IN THE MATTER OF AN ARBITRATION
CANADIAN NATIONAL RAILWAY COMPANY
International Association of Machinists and Aerospace Workers
GRIEVANCE RE DISCHARGE OF GUYLAIN LAVOIE
SOLE ARBITRATOR: M. G. Picher
There appeared on behalf of the Association:
A. Rosner – Executive Secretary, CCRSU
L. Biniaris – System General Chairman, IAM & AW
G. Lavoie – Grievor
There appeared on behalf of the Company:
L. F. Caron – System Labour Relations Officer, Montreal
S. A. MacDougald – Manager, Labour Relations, Montreal
P. N. Nicholson – Coordinator, Special Projects, Montreal
A hearing in this matter was held in Montreal on November 1, 1990.
This is the arbitration of a grievance against discharge for activities in relation to the organizing of an illegal strike. The dispute and joint statement of issue filed at the hearing are as follows:
Appeal of discharge of Machinist Guylain Lavoie of Pointe St. Charles Motive Power Shop, Montreal, Quebec.
Joint Statement of Issue:
On November 16 and 17, 1989, Machinist G. Lavoie was involved in an illegal work stoppage. On May 14, 1990, he was discharged:
Pour votre rôle lors de l'arrêt de travail illégal aux ateliers de la Pointe St. Charles les 16 et 17 Novembre 1989.
The Union is requesting Mr. Lavoie be reinstated as they contend the discipline imposed was too severe.
The Company has denied the Union's contention and has declined its request.
At the time of the work stoppage Mr. Lavoie was a machinist working on the dayshift at the Pointe St. Charles Shop. He then had some 10 years' seniority, having been hired on October 25, 1979. The events surrounding the illegal work stoppage were thoroughly canvassed in a prior arbitration award dated July 3, 1990, which issued in relation to six other employees. I do not, therefore, propose to review the facts recorded in that award. There is no dispute between the parties that they may be adopted for the purposes of this grievance. In the Arbitrator's view it is sufficient to focus on the particular activities of Mr. Lavoie which may not have been highlighted in that award.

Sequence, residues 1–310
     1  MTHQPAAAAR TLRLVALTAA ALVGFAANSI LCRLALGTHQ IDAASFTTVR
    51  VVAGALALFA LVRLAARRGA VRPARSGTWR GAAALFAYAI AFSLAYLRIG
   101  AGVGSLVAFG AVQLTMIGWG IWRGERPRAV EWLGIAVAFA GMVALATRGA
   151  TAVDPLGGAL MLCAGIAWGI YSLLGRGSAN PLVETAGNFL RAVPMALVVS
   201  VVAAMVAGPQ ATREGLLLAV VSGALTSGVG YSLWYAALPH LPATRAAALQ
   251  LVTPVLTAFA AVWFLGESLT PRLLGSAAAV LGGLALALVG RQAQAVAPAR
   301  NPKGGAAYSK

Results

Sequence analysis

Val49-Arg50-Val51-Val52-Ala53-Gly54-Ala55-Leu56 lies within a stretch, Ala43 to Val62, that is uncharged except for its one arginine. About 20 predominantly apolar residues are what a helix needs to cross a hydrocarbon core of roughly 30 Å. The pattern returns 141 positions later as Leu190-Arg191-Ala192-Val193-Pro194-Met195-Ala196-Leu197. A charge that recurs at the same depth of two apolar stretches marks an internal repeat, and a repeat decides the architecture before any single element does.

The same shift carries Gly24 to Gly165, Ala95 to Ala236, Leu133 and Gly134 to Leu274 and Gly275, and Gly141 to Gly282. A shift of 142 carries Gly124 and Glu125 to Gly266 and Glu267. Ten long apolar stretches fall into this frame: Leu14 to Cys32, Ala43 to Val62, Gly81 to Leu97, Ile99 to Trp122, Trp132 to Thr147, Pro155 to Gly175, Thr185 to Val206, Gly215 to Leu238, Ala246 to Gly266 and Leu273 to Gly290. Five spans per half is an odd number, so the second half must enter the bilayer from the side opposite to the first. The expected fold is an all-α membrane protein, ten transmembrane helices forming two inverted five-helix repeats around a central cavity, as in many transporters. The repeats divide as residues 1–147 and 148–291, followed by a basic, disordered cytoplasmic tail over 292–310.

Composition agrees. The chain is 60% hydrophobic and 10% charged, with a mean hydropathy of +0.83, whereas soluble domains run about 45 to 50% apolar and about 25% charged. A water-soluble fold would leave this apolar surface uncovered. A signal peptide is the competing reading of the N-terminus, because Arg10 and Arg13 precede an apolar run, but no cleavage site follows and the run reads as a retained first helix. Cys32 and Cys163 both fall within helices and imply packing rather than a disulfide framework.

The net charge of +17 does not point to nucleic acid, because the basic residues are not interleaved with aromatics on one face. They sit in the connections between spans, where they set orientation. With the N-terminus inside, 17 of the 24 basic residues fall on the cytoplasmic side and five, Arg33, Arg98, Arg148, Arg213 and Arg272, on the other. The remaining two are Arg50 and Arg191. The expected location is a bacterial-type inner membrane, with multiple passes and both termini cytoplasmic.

The evidence discloses that the grievor was the single most active organizer and director of the illegal work stoppage. The material before the Arbitrator establishes that he attended a meeting of some 30 employees in the lunchroom of the Truck Shop Department at approximately 13:35 hours on November 16. It does not appear disputed that that meeting involved the coordination of the work stoppage which was to shortly follow. Following the lunchroom meeting, and prior to the commencement of the sit-in, the grievor circulated within the Erecting Shop and openly incited fellow employees to join in the work stoppage, occasionally using strong and argumentative tones with employees who seemed reluctant to do so. In the initial stages of the strike, at approximately 14:30 hours, employees gathered at the foot of the stairway leading to the Motive Power Shop managers office, without any apparent direction or organizing force. Shortly thereafter the grievor mounted a workbench and addressed the assembled employees. Among other things, he asked why is it that supervisors with less seniority than employees being laid off had been protected. He urged the employees to stick with it, and that management would have to speak with them.